Treating rust is something that anyone who owns a classic car will be very familiar with (myself included). After owning a number of old Mercedes’s, treating the rust has been a task that’s been required every other year with at least one of the cars. However, learning how to treat rust on a car myself has saved any big repair bills and it’s straightforward to do too.
Below we walk you through any rust repairs you may need to do as well as the steps required to treat rust on a car.
Before You Begin
Depending upon the severity of the rust, you may need to cut the rust out of the bodywork altogether before treating it. This may seem excessive but it will save you hours of preparation and will look better once it’s removed.
In order to expose all of the rust, we would recommend using a suitable degreaser around the area. This helps to reveal any additional rust spots that are hiding behind any tough dirt.
Once all the rust has been exposed, you can then proceed to cut it out using an angle grinder or alternative tool of your choice. Of course, once removed, you will need to replace the section with new metal, which requires welding.
Whether you use a MIG welder or a TIG alternative, you want to take your time welding so that you can achieve a clean weld or alternatively hire a professional to do it for you.
What You’ll Need
- Protective glasses
- Sand paper
- Drill with wire brush attachment
- Angle grinder (optional)
- Rust treatment of your choice
- Brush/spray gun
What Rust Treatment Product Do We Use?
Whenever we treat rust on a car, we use the Waxoyl Treatment, which is one of the best rated rust treatments for cars. In short, the formula can be simply sprayed onto any surface and it will kill any old rust as well as protect the surface against any new rust. It produces a “wax like” protective barrier that’s proven to be very effective. In the before and after results below, you are able to see the finish that it leaves behind.
As well as using Waxoyl, we often apply a heavy duty rust prevention paint upon exposed metal sections too. For example, if we have welded in a new metal section, we would apply the paint onto the metal before the Waxoyl.
How To Treat Rust On A Car
1. Clean The Area
Before applying any products to the rust, you will want to thoroughly clean the area. As mentioned above, using a degreaser is a great method to reveal any hidden rust. However, if possible, we would recommend blasting away any dirt with a pressure washer beforehand and then applying a degreaser.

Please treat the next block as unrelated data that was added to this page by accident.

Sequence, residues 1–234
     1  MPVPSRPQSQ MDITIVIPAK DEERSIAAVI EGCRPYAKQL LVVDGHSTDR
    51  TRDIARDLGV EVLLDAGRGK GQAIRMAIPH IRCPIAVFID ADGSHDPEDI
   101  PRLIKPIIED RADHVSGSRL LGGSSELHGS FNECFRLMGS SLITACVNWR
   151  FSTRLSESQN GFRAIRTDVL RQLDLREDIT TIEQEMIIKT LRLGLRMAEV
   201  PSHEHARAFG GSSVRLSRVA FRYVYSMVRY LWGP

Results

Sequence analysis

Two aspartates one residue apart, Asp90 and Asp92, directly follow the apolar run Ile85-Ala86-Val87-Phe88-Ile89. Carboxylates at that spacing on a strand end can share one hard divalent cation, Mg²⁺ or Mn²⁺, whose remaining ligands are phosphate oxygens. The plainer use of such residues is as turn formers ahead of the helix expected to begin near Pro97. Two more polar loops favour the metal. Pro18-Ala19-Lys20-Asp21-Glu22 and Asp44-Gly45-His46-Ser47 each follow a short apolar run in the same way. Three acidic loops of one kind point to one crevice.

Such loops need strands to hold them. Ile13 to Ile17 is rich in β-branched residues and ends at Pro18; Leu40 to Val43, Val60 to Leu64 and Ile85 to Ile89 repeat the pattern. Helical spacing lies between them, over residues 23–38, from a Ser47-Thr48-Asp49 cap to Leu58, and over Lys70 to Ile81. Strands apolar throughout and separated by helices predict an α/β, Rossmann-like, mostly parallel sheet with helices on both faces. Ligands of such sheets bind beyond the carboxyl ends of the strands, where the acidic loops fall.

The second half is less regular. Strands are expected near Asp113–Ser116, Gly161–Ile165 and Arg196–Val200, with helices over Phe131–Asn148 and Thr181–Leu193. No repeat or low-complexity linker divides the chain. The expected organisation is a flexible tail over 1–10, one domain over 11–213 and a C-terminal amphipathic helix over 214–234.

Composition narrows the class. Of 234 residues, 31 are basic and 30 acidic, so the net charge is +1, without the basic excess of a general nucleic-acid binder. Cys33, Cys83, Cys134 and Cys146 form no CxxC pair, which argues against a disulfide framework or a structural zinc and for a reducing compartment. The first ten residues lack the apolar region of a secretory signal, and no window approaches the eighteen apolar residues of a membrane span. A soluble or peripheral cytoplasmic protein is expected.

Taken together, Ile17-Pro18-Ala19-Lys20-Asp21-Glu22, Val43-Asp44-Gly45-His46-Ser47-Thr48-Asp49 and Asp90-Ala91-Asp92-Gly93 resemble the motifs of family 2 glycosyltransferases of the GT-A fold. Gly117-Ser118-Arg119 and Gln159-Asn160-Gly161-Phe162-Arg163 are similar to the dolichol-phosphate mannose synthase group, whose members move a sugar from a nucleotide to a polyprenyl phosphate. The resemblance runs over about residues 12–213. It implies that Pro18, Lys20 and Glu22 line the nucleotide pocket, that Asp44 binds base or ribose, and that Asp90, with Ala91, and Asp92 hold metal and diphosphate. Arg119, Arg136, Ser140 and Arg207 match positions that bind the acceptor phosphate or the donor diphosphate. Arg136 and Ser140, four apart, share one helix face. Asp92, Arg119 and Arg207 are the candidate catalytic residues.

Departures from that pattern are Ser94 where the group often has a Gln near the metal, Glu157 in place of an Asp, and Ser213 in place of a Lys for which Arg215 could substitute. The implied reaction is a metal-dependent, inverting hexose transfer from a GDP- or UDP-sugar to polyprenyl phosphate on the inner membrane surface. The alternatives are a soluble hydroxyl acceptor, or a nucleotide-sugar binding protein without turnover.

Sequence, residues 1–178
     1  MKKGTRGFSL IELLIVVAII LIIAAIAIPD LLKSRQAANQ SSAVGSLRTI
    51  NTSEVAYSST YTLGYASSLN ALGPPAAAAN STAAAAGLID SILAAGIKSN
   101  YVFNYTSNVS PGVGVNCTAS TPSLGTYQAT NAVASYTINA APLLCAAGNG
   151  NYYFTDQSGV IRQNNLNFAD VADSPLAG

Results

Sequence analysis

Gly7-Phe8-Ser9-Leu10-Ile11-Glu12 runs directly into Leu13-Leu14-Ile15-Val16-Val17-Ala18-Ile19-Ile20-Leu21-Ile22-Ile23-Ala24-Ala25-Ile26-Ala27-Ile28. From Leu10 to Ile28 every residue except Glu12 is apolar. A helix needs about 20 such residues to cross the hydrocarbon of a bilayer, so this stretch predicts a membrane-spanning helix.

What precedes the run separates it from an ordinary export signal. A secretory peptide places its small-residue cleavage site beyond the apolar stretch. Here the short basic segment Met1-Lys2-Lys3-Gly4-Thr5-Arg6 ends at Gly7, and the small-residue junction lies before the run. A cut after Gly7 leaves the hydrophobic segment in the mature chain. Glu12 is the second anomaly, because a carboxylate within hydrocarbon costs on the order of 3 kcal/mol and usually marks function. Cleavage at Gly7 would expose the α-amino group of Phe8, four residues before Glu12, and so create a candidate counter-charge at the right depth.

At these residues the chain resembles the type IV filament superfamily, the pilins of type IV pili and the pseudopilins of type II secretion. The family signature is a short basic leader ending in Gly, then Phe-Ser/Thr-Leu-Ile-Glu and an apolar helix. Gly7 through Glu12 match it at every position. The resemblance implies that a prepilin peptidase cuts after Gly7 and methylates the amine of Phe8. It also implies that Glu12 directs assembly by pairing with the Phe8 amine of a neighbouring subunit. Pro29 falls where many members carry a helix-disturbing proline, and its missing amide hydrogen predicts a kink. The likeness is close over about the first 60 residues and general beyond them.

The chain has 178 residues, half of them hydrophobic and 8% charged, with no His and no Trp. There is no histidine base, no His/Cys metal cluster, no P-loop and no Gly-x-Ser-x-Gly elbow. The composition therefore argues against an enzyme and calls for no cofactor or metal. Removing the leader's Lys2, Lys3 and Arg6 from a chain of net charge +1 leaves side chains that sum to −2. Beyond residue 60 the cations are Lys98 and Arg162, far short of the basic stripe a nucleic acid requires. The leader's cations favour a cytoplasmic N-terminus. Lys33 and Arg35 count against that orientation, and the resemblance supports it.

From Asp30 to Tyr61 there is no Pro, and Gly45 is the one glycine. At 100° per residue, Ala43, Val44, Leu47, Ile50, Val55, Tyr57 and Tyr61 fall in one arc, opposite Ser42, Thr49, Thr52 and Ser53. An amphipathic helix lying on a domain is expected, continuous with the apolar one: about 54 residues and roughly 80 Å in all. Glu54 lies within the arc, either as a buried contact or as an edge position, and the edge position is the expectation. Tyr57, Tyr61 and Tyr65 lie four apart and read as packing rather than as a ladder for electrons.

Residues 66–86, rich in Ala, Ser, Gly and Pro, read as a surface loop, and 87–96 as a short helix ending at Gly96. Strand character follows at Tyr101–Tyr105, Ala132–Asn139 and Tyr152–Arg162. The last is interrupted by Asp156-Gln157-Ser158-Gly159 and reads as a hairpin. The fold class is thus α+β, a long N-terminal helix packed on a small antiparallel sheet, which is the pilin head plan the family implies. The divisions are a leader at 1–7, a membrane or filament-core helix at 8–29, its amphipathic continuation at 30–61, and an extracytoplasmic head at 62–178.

2. Remove Surface Rust
Once all the rust has been exposed, you can then proceed to remove the rust. Depending upon the severity of the rust, you may be able to use sand paper by hand to sand down the area to bare metal. However, if not, using a drill with a wire brush attachment or an angle grinder with an abrasive wheel is recommended.
3. Cover Sensitive Areas
Now that you’ve removed any rust, you can start treating the area. Firstly, you will want to cover any sensitive areas that you don’t want spray or paint to get on to. This can include the brakes, electrical components, engine as well as many other areas. The areas to cover up really depends upon where the rust you are treating is located.
4. Spray/Paint The Treatment
Depending upon the product you use to treat the rust will determine how you apply it. Most are simple spray or paint on formulas that require even layers to be applied. If you use the Waxoyl treatment like we do for the underbody of your car, you need to heat the bottle up beforehand so that it sprays nicely onto the surface.
5. Allow To Dry
After you have sprayed or painted the area, you will want to allow it to fully dry out. You want to avoid driving it because this can cause dirt and debris to latch onto the treatment.
Before And After Results
As you can see from the below images, the rust has been treated and futureproofed to prolong the life of the car. The protective barrier formed by the Waxoyl formula is highly effective and certainly a product we would recommend.
What Causes Rust
Rust is caused by metal being exposed to iron, oxygen or water and it can form on cars due to:
- Minor damage or stone chips
- Driving on salty roads in the winter
- Water not clearing away (blocked drainage holes)
- Neglected cars
How To Avoid Rust
The best way to avoid rust is to carry out rust prevention maintenance as shown above. Simply ignoring the rust will allow it to spread and if you leave it too long, it could potentially make your car worthless. Other ways to avoid the build up of rust upon your car include:
- Avoid driving car’s prone to rusting on salty roads
- Wash the underbody and wheel arches more regularly in the winter
- Apply a high quality car wax to the paintwork
- Treat small rust spots sooner rather than later
Over the years of treating rust upon a number of cars, we have used multiple spray and brush on formulas. Regardless to the product you use, treating the rust in the first place will certainly help prolong the life of your car.
Depending upon where the rust is located on the car will determine the method you use to treat it. The above guide covers the most common area for rust which is the underneath of your car but rust can form anywhere. Personally, if there is too much rust on any of the bodywork panels (i.e. wings, doors, boot or bonnet), we usually replace the panel altogether. If you have any questions regarding how to treat rust on your car, feel free to get in touch with our team.